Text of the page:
The new book . . .
In twenty-odd books about the American past, I have written of builders and buildings, of paintings and presidents, seeking narrative in places and people. My newest book explores the collaborations of two giants of the post-Civil War era, men whose work had unrivaled impact on the rapidly changing American landscape.
“An inspired look at two of our nation’s masters. Hugh Howard gets it marvelously right in Architects of an American Landscape.” The Washington Review of Books
“A readable, intelligently paced dual biography, the literary equivalent of a rolling, Olmstedian greensward.” Alex Beam, Wall Street Journal
“Smart and immensely readable.” Cullen Murphy in Graydon Carter’s Air Mail
If you would like to sample the text, Daily Beast ran an excerpt, as has Literary Hub; or you can listen to Ralph Gardner’s radio commentary about Architects of an American Landscape, on WAMC Public Radio.
The story is this: As the planner of New York’s Central Park, Frederick Law Olmsted is widely remembered as America’s first and finest landscape architect. Henry Hobson Richardson was universally regarded in their era as the nation’s most original and influential architect. The two friends and frequent collaborators met their moment in the post-Civil War years, a time of extraordinary cultural, economic, and social change. They accomplished nothing less than the reimagining of the American landscape.
Other early readers of this dual biography have been intrigued, among them former National Gallery curator and Princeton professor emeritus John Wilmerding, who offered, “Howard’s narrative is as substantial and well-ordered as any Richardson edifice; his prose is as lively and engaging as an Olmsted park landscape. Like a perfectly laced boot, his chapters alternate between these two giants of American architecture, until they come together in personal friendship and professional collaboration, to produce some of the greatest buildings and natural spaces in our history.”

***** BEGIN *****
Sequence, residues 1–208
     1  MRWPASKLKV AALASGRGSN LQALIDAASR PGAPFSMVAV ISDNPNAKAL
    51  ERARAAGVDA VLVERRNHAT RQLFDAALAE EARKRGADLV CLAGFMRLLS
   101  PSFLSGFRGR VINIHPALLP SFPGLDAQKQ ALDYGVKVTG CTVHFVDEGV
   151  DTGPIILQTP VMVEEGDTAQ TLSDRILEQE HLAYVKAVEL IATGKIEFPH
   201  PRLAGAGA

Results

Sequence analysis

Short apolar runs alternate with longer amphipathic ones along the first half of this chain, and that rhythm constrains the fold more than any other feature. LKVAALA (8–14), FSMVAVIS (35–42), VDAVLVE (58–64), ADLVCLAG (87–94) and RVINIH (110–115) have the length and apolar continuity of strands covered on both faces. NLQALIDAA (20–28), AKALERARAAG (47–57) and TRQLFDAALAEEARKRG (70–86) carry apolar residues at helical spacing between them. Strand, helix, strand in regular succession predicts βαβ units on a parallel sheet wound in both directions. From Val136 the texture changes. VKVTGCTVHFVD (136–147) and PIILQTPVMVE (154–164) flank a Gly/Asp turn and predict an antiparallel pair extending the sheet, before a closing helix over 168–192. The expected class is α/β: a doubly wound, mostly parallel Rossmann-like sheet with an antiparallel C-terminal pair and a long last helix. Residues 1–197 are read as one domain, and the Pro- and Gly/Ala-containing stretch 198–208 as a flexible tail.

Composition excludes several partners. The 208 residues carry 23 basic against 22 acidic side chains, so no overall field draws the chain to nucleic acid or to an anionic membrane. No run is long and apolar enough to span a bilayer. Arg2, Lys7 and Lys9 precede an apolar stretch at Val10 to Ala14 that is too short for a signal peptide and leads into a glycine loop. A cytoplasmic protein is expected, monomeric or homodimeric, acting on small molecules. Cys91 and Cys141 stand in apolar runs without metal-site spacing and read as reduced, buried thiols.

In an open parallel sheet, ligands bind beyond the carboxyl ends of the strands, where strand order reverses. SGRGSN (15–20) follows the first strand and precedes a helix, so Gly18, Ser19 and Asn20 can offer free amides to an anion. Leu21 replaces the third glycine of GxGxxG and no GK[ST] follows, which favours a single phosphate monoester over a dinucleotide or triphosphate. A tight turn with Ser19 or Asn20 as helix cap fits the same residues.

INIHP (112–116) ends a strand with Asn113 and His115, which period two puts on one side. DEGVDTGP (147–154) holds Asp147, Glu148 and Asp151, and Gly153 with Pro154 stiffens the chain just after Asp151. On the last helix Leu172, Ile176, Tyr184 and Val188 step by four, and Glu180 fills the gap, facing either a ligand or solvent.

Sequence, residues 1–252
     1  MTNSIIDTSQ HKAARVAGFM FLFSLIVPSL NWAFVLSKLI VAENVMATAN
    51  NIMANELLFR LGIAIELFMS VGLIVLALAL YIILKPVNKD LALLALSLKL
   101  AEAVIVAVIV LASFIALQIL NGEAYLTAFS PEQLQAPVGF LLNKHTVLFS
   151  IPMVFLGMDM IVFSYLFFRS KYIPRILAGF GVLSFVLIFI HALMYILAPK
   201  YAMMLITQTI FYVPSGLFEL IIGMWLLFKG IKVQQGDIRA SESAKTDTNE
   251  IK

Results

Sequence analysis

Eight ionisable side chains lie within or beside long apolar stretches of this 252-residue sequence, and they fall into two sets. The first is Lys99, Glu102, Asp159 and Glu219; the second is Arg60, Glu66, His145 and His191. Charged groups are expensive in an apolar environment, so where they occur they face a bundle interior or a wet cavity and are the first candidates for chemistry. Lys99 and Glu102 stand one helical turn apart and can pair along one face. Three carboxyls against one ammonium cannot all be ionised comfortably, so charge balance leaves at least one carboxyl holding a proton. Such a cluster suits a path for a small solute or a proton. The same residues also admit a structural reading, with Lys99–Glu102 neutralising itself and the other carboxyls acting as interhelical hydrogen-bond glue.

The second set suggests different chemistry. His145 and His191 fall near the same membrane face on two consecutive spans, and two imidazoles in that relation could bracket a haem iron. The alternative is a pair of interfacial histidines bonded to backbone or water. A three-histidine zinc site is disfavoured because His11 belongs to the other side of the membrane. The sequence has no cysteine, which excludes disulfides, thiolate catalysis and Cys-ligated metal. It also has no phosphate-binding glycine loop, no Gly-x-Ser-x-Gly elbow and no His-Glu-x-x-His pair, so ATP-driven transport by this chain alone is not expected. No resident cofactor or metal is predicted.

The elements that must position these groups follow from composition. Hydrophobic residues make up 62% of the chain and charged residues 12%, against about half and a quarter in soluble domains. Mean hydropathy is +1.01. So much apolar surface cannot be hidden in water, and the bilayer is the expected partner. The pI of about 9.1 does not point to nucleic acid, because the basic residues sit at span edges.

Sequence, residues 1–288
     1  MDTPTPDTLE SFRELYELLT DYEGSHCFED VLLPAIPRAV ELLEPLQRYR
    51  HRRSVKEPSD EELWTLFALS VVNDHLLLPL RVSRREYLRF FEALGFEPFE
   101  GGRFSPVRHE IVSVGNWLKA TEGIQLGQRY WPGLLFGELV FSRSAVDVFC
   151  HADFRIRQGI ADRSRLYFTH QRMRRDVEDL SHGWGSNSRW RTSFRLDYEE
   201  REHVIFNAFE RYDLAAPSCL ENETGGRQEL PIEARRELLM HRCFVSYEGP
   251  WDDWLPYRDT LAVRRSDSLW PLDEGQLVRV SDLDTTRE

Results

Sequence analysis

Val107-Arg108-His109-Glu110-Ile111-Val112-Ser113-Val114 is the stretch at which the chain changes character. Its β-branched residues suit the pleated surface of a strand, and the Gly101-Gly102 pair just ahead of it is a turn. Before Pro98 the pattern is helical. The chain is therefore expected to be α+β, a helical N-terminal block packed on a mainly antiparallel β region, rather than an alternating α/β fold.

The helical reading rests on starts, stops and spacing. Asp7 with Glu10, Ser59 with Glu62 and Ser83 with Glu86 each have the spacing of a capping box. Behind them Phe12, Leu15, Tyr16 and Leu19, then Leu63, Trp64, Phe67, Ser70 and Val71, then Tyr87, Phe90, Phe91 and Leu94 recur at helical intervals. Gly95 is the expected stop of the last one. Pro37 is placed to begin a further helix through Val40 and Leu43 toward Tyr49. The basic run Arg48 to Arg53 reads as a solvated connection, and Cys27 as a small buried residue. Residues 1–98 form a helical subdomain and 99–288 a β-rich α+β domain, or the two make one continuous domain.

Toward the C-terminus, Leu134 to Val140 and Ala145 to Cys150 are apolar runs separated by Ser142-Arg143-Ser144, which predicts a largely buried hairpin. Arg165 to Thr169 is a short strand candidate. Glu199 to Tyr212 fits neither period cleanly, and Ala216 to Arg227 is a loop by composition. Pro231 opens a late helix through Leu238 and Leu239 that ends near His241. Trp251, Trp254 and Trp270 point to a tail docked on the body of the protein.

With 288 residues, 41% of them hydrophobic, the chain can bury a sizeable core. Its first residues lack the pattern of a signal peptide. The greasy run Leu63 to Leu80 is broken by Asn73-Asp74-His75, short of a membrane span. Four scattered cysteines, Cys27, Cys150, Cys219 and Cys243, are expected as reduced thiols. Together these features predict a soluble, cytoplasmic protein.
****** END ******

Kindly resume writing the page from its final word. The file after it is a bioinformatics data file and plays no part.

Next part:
The book puts Richardson and Olmsted in context. In the second half of the nineteenth-century, the natural cycle of the day gave way to the mechanical; farmers began setting their clocks by the coming and going of trains. Long distance travel came to be measured in hours, not days or weeks. With the advent of steam power, the global rate of economic growth, after centuries of averaging less one percent per year, jumped to roughly four percent. A nation in transition needed visionaries to address new needs.
Richardson (1838-1886) and Olmsted (1822-1903) responded with Central Park, the Shingle Style, Boston’s Emerald Necklace and Trinity Church, architecture’s “open plan,” the establishment of the great national parks at Yosemite and Niagara Falls, and designs that set the scenic character of the best American suburbs, as well as many precedent-setting railroad stations, civic buildings, and public libraries. Absent Richardson and Olmsted, and none of these would have emerged as they did.
Edward Achorn, himself the author of Every Drop of Blood: The Momentous Second Inauguration of Abraham Lincoln, expressed his admiration for Architects of An American Landscape and the six years of research that went into it. “In this beautifully written book, Hugh Howard reveals how two brilliant American artists melded their creativity to reinvent America’s architecture and landscaping. The parks of Frederick Law Olmsted are rightly treasured, but it is wonderful to see the Falstaffian Henry Hobson Richardson again getting his due as one of the towering giants of American architecture. Richly detailed and filled with deft character sketches of nineteenth century celebrities, Architects of an American Landscape is a delight.”
If you are curious about Hugh Howard’s other writings, explore this site. Or reach out directly if you would like him to come and talk to your group or organization; he can be contacted at firstname.lastname@example.org.
“I cannot express, or make those who did not know him even
dimly understand, how much Richardson was in one’s life, how
much help and comfort he gave one in its work. . . . He was the
greatest comfort and the most potent stimulus that has
ever come into my artistic life.” — Frederick Law Olmsted